Federal Decree No. 9,571/2018 has been drawing the attention of companies by assuming effective legal rules on liability for the chain of production. The decree stipulates the guidelines on human rights to be adopted by Brazilian and multinational companies of all sizes, in the context of their whole operation.

The regulation deserves attention in labor matters, since current norms and case law are based on the principles of promoting human rights and the dignity of the person for the protection of the worker, such as issues related to safety and occupational medicine, although there is divergence as to the existence of rules effectively based on a law governing corporate liability for the chain of production, as the decree presupposes.

In general, the text seeks to promote human rights in the business environment in compliance with the norms established in the Federal Constitution, infra-constitutional norms, and international conventions to which Brazil is a signatory.

The decree also proposes that companies adopt various measures to contribute to the defense of human rights, among which the following stand out:

  1. monitor respect for human rights in the chain of production linked to the company;
  2. adopt procedures to evaluate respect for human rights in the chain of production;
  3. identify the risks of impact and violation of human rights in the context of their operations;
  4. implement human rights education activities for all employees and partners; and
  5. provides courses, lectures, and evaluations to all employees and partners.

By directing companies to monitor their entire operation, including the chain of production, the decree stipulates that, necessarily, companies should be concerned with the defense of human rights not only within the scope of activities of their employees, but also in relation to all workers who contribute to the preparation of the product or provide it with a service, such as suppliers of raw materials or inputs.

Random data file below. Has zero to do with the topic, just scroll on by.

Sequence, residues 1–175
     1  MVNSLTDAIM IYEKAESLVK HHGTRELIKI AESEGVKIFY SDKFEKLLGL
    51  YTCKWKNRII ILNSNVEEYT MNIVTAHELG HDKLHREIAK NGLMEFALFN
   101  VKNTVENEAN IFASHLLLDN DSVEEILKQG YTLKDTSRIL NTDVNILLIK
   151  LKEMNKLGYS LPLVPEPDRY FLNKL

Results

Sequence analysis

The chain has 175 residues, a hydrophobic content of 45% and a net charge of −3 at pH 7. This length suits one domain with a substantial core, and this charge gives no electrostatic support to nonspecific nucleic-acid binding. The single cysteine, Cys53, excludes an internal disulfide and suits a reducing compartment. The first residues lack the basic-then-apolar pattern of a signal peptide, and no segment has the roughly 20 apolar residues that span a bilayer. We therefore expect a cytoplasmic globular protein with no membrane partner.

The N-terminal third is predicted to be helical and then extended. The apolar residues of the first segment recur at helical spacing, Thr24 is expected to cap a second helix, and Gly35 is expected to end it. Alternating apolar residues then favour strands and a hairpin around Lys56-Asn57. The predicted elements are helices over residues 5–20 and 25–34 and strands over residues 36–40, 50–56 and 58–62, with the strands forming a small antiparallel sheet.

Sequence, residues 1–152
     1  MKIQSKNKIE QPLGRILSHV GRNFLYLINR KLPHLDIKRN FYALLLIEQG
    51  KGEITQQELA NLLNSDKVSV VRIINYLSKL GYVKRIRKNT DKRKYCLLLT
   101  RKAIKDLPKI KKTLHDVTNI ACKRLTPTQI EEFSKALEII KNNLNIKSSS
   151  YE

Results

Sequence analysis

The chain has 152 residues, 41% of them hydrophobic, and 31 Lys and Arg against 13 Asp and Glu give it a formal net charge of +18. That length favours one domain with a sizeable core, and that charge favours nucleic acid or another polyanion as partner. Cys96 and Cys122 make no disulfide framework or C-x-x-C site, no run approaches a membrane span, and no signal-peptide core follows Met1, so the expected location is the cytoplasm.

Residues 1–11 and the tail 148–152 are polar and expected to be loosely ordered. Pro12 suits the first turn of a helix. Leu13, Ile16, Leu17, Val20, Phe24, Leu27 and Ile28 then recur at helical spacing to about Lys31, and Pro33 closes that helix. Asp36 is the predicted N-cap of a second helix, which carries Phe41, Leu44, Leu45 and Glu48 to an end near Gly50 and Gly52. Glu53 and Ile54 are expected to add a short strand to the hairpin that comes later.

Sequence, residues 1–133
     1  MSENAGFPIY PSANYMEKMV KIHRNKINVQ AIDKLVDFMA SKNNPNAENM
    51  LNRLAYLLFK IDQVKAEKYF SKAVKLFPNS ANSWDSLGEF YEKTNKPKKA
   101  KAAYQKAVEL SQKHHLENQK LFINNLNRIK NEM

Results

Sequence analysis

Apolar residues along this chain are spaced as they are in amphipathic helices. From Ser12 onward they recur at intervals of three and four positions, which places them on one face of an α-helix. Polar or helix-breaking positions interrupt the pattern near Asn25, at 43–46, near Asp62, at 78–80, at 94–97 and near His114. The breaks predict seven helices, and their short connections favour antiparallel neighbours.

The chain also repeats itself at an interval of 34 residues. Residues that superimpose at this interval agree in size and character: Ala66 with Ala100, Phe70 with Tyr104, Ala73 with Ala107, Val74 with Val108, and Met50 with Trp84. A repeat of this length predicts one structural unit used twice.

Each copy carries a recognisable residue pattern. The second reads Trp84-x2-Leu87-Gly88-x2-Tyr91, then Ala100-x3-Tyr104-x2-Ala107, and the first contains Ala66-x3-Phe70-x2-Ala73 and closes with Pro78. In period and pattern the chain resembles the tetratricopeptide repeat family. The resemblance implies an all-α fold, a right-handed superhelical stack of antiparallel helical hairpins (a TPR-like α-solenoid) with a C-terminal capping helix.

Until then, the justification used by the bodies of control, notably the Labor Prosecutor’s Office, to impute corporate liability for the chain of production was based on principles, encompassing the Federal Constitution, international conventions, the Civil Code, and the Consumer Defense Code, among others. Since the publication of the decree, it is envisaged that, although companies may voluntarily comply with the guidelines provided, the Labor Prosecutor’s Office will begin to use it as a legal basis, and no longer a principle, for imputing liability for the chain of production.

Although the imputation of this liability based on a federal decree is questionable, companies must protect themselves and comply with the guidelines therein, since if the chain of production is not monitored and measures to control suppliers are not adopted, inevitably the company will be liable.

The decree alludes to the liability of companies for the chain of production in the provisions related (i) to the duty to monitor and respect human rights; (ii) identification of risks of impact and violation of human rights in the context of its operations; (iii) adoption of procedures to evaluate respect for human rights in the chain of production; and (iv) adoption of measures to prevent and remedy human rights violations in the chain of production.

To avoid imputation of liability, it is advisable to adopt some measures not only to highlight the company's concern with social responsibility, but also to strengthen its image in the market, especially in the current context of prominence of the compliance culture. Among them are the following:

  1. prepare a check list of the requirements to be fulfilled in contracting with suppliers;
  2. revise agreements for the provision of services with suppliers; and
  3. revise the current code of conduct to implement guidelines suggested by the decree.

As part of this effort to adopt measures to defend human rights and eliminate risks of violation, whether within the company or in the chain of production, we recommend not only preparing or revising internal policies (codes of conduct), but also investing in education on the subject (courses and training) and in supervision (mapping and auditing of partners).